Benefit-cost analysis, cost-effectiveness analysis, and risk analysis are quantitative techniques used to support the assessment of effectiveness, efficiency and equity in the policy analysis process. More than any other analytical technique they are critical in policymaker decision-making as benefit-cost is required by executive orders or regulations and risk-based regulations and enforcement activities -- particularly those related to the environment, health, worker safety, transportation, privacy/security, and energy policy.
In this “learn by doing” class, students will enhance their understanding of:
·What are benefit-cost analysis (BCA), cost-effectiveness analysis (CEA), and risk analysis (RA) and why are they important to program evaluation and policy analysis
The steps and methods used to conduct BCA, CEA, and RA, including sources of information, and sensitivity analysis.
Communicating the results of BCA, CEA, and RA, and how this related to policymaker decisions.
Understanding the difference between a good and poor BCA, CEA, and RA
Class Hours: Class will meet virtually from 10AM to 4PM Eastern Time.
Office Hours (Optional): At students' option, they may participate in office hours, which will be scheduled at a day/time convenient for students. During office hours, students may receive feedback on the work they developed during the class, ask for advice about applying the lessons learned to their work, and request career advice about working in science and technology policy. The plan for the office hour activity will be discussed with students at the end of each class day.
- What are benefit-cost analysis (BCA), cost-effectiveness analysis (CEA), and risk analysis (RA) and why are they important to program evaluation and policy analysis?
- What is the different between a BCA and a CEA?
- What are the steps in conducting a BCA?
- What are the steps in conducting a CEA?
- What are some applications of BCA and CEA?
- What are the differences between risk analysis, risk assessment, risk management, and risk communication?
- What are the steps in conducting an RA?
- What are some applications of RA?
- What are the principles for risk communication?
- What are the differences between a good and poor BCA, CEA, and RA?
Related Public Policy Courses:
This series of workshops on science and technology (S&T) policy will enhance your understanding and analysis skills that can enhance your ability and eligibility for policy-related fellowships, positions and promotions. For those already in policy-related positions, they will enhance the analytical tools you have to address both the needs of your programs and asses the programs your organization funds.
You will receive a digital badge for each class and an additional digital badge if you complete all workshops in the series. This digital badge can be placed on your LinkedIn profile, personal webpage, and resume/CV.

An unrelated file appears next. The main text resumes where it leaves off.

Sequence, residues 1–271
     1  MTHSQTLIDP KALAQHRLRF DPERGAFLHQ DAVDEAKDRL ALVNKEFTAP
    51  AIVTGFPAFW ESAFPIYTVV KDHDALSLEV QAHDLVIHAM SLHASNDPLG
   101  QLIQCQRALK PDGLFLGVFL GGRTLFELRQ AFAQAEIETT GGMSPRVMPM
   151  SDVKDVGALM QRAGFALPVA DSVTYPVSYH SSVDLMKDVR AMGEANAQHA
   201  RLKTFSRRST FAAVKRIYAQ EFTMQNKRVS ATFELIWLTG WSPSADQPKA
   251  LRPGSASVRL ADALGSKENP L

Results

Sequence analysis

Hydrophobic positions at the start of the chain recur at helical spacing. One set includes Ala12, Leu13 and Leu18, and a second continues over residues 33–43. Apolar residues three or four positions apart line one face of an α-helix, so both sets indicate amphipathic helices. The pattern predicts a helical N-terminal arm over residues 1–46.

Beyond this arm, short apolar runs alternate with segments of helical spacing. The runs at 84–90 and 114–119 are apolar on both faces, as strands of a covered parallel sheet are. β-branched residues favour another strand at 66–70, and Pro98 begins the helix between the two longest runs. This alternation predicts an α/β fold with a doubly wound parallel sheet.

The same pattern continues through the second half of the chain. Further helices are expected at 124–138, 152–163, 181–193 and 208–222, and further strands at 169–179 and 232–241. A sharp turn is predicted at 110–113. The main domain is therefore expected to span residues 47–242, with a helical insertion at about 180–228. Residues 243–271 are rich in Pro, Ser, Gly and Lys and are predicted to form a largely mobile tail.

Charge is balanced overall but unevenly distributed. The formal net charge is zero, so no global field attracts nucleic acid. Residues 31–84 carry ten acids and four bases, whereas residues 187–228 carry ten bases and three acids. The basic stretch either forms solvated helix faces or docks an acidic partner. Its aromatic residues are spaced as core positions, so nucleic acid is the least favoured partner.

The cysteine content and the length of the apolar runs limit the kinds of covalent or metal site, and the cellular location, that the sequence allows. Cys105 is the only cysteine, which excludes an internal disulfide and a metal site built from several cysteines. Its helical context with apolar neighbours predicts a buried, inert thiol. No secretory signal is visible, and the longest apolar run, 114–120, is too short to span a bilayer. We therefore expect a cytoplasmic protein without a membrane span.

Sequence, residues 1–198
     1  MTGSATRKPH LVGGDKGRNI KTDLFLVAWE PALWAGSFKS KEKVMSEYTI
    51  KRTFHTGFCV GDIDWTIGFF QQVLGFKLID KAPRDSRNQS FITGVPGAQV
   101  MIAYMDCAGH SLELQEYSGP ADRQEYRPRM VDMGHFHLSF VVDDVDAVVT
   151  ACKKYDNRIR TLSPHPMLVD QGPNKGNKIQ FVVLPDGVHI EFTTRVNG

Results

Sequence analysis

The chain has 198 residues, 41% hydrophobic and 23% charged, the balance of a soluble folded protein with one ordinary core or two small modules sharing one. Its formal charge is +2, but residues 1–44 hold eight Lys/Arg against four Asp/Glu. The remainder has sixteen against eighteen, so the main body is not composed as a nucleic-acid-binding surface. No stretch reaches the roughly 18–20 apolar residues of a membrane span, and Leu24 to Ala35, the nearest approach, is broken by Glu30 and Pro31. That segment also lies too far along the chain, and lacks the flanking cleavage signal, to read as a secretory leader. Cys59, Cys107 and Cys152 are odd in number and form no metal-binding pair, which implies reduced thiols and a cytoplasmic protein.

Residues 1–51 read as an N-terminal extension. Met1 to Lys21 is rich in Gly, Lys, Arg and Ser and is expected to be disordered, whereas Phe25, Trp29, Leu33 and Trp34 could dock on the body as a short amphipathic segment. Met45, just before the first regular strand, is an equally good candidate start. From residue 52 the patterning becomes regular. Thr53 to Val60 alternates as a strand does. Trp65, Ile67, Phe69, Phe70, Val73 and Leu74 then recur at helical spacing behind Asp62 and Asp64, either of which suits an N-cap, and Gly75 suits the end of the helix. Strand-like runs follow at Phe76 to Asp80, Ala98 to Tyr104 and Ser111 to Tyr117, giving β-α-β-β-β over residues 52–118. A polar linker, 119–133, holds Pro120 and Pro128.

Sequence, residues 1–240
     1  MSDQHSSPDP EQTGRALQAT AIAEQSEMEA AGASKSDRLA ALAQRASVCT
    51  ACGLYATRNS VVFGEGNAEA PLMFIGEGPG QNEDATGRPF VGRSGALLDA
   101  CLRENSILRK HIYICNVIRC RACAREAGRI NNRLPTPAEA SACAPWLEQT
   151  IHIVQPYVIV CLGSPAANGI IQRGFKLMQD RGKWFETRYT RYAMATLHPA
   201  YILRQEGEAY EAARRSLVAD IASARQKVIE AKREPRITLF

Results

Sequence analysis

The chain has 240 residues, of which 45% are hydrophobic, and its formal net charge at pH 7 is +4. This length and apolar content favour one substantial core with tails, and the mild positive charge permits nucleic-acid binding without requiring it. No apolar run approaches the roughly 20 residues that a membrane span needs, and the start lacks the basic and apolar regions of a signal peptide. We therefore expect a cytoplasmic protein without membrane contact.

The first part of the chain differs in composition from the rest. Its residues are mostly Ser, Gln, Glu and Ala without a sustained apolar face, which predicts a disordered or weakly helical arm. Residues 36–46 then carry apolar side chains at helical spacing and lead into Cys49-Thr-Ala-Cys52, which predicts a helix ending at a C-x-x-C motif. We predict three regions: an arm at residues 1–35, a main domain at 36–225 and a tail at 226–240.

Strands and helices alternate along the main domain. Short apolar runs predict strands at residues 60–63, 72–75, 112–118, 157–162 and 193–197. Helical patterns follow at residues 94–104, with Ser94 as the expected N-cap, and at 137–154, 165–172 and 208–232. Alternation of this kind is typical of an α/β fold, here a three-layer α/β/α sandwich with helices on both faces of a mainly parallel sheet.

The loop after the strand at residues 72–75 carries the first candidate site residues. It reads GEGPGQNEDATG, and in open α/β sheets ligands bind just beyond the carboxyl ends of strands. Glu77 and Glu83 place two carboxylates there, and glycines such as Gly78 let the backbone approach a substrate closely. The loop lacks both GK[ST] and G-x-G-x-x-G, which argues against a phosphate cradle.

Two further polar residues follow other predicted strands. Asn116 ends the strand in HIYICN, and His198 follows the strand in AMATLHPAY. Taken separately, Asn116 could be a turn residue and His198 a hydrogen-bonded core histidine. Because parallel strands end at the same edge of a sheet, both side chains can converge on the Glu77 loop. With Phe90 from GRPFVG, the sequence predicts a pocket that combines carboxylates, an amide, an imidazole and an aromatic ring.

The workshops will be taught by Dr. Deborah D. Stine, who has conducted public policy analysis for the National Academies of Sciences, Engineering, and Medicine; the Congressional Research Service; the White House Office of Science and Technology Policy; and Carnegie Mellon University. She is the founder and chief instructor for the Science & Technology Policy Academy.
PPOL 071 | The Role of the White House, Congress, Federal Agencies, and Judiciary in Science & Technology Policy
PPOL 072 | Public Policy Analysis for Scientists, Engineers, and Health Professionals: A Systematic Process for Analyzing and Developing Policy Options to Respond to Societal Challenges
PPOL 074 | Program Evaluation for Scientists, Engineers, and Health Professionals
Although no grades are given for courses, each participant will receive Continuing Education Units (CEUs) based on the number of contact hours. One CEU is equal to ten contact hours. Upon completion of the course each participant will receive a certificate, showing completion of the workshop and 1.4 CEUs. Attendees will also earn a digital badge that can be displayed on a digital resume or CV, LinkedIn and other social media.
100% tuition refund for registrations cancelled 14 or more calendar days prior to the start of the workshop.
50% tuition refund for registrations cancelled between 4 to 13 calendar days prior to the start of the workshop.
No refund will be issued for registrations cancelled 3 calendar days or less prior to the start of the workshop.
All cancellations must be received in writing via email to Ms. Carline Coote at firstname.lastname@example.org.
Cancellations received after 4:00 pm (ET) on business days or received on non-business days are time marked for the following business day.
All refund payments will be processed by the start of the initial workshop.